Finding genius is not about finding ability. Finding genius is about unlocking the creative potential of the human brain.
Last week’s post began an important conversation about gifted education. Let it continue. Project Bright Idea is showing that gifted education works for all children. The moral of the story is: “Treat students as if they are gifted and they will show up as gifted.” Take a look at the video and see what you think. Continue reading
When we celebrate the birthday of Martin Luther King, Jr., we celebrate a great deal more than the life of a great man. We even celebrate more than a period in American history when our country took a very large step forward toward the dreams of our founding fathers. We celebrate the whole idea that each of us has a responsibility bring out the authority in others.
Today in so many schools across the country children of all races and economic backgrounds are being abused in the most insidious way. Continue reading
In Education failure IS an option, and a pretty good one at that.
Fear of failure is not a big issue for most kids going off to first grade. Their life is not yet framed with questions of success and failure. Even after a year in kindergarten where their mission was to make friends, create, do fun things, and learn as much as they can, the concept of failure isn’t really on the brain, much.
Unfortunately, most schools try to change this. Our culture is obsessed with success and failure in the context of a pyramid model of society, Continue reading
On the first day of school, Peter had had a good night’s sleep and a good breakfast. His teeth were brushed, his lunch and snack were in his backpack, and his favorite shirt was on his back. As his father scurried around the kitchen, he talked to Peter saying things like, “Have you got your lunch? Have you got your backpack?”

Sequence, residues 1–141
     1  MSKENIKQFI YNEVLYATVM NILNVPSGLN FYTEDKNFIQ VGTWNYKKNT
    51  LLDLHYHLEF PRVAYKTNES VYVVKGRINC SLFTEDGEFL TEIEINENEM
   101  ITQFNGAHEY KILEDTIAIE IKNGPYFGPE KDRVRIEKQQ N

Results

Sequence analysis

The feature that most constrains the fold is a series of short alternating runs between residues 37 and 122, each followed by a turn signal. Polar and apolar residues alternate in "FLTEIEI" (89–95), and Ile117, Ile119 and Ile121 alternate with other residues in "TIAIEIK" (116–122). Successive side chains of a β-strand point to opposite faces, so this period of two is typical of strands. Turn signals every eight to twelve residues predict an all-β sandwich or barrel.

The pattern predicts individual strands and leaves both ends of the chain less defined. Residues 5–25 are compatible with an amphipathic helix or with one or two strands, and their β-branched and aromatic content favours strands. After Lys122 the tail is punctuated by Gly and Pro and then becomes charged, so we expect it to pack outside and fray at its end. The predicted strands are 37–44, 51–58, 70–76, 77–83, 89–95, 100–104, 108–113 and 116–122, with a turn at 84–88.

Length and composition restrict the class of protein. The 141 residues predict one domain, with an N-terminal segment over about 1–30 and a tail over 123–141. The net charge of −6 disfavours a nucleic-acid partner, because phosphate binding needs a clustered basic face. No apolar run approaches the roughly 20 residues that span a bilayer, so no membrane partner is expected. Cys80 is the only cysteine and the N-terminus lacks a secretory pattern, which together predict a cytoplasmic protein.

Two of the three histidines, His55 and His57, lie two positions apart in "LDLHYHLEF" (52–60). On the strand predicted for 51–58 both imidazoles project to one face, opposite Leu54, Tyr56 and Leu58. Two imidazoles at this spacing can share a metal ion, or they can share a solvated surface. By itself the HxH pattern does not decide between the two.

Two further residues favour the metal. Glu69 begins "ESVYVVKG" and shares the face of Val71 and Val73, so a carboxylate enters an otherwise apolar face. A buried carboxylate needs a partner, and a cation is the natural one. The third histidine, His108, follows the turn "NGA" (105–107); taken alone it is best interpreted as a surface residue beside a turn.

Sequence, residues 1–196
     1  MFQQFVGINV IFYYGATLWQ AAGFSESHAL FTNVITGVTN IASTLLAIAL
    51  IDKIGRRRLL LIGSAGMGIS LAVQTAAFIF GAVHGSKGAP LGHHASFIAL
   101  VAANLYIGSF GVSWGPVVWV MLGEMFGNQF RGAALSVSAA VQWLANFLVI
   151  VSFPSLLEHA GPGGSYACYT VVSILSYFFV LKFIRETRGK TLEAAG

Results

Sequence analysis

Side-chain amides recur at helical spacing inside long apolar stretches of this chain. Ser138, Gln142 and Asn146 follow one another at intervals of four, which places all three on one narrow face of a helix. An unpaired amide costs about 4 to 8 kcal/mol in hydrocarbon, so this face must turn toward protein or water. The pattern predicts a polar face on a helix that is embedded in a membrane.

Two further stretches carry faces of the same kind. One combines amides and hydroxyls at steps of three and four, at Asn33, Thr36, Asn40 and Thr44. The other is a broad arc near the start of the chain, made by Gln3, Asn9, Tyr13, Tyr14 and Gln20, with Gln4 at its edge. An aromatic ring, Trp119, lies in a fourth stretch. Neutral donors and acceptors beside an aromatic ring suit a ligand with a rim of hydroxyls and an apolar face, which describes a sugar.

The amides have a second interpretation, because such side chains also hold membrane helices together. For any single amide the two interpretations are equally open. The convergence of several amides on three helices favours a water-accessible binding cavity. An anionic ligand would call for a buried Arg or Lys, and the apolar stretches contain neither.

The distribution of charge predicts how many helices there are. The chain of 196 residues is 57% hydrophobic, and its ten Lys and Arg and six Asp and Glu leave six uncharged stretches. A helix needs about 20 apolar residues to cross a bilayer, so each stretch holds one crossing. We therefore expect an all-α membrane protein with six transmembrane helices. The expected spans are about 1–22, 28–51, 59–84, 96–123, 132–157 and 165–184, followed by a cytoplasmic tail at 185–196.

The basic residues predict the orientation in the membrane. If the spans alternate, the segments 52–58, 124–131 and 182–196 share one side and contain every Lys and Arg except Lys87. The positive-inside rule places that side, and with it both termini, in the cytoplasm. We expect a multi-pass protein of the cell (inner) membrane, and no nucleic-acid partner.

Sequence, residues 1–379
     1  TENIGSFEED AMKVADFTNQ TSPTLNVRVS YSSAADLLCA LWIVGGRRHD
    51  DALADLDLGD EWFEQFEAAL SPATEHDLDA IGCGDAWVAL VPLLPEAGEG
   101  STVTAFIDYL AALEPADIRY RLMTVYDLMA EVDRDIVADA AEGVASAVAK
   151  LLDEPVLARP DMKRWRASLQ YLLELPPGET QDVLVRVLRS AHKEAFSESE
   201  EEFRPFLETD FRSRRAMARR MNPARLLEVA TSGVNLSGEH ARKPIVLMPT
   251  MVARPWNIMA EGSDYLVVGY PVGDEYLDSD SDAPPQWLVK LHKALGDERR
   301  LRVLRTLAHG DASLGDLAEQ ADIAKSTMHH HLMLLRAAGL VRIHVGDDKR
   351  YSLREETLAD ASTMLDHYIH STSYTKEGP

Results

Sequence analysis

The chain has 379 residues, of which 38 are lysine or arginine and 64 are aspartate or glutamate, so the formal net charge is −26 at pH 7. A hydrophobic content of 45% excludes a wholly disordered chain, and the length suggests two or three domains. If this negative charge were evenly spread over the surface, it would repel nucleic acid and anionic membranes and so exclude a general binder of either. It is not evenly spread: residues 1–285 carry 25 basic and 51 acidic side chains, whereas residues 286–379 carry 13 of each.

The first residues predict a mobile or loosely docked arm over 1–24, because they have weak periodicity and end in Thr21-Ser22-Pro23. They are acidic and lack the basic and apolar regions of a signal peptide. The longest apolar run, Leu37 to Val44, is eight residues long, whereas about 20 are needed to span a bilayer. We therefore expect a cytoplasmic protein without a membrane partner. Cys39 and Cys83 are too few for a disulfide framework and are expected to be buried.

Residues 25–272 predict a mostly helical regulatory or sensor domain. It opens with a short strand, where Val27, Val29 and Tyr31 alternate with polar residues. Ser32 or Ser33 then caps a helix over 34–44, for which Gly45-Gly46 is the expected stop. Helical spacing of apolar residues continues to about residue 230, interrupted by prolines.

Peter was in the lead as they stepped out the door and down the steps to the car. Five feet from the car his father yelled: “Peter! You don’t have any shoes on!”
Looking down at his stocking feet, Peter saw that it was true and said, “Okay. But you don’t have to get mad at me.” Continue reading
On the first day of school Leila’s mother said: “Leila was looking forward to school all summer. Then two nights ago she started getting anxious.”
I know Leila struggles with “giftedness.” Nonetheless, I asked, “What was she anxious about?”
“Will my friends be in my classroom this year?”
All children are completely different, each with their own peculiar set of strengths, weaknesses and things to worry about. However, the number one reason children go to school is to be with other children, and regardless of whether they charge into school on the first day all smiles or cling to their parents’ legs, they are all the same in one major respect: their bottom-line aim is to avoid embarrassment.
And embarrassment is a possibility for each one of them. “Will I say something stupid in opening circle?” “Will I measure up?” “Will anyone like me?” “Am I worthy?”
We humans are social animals. We all want to be worthy and are aware that our weaknesses put us at risk. We are anxious that our vulnerabilities will trip us up. So in most social environments we lead with our strengths, trying to hide our weaknesses. We can expend a great deal of psychic energy trying to hide those weaknesses.
And yet, school is usually designed to make hiding hard. Continue reading
Nine Lies about Academic Achievement that Parents and Teachers often Seem to Believe—but Don’t Really.
Why do Americans want one set of things for our children and then behave as if we want another? Parents and teachers I talk to want their children to be self-confident learners who are good at working with others, and they want school to help with this.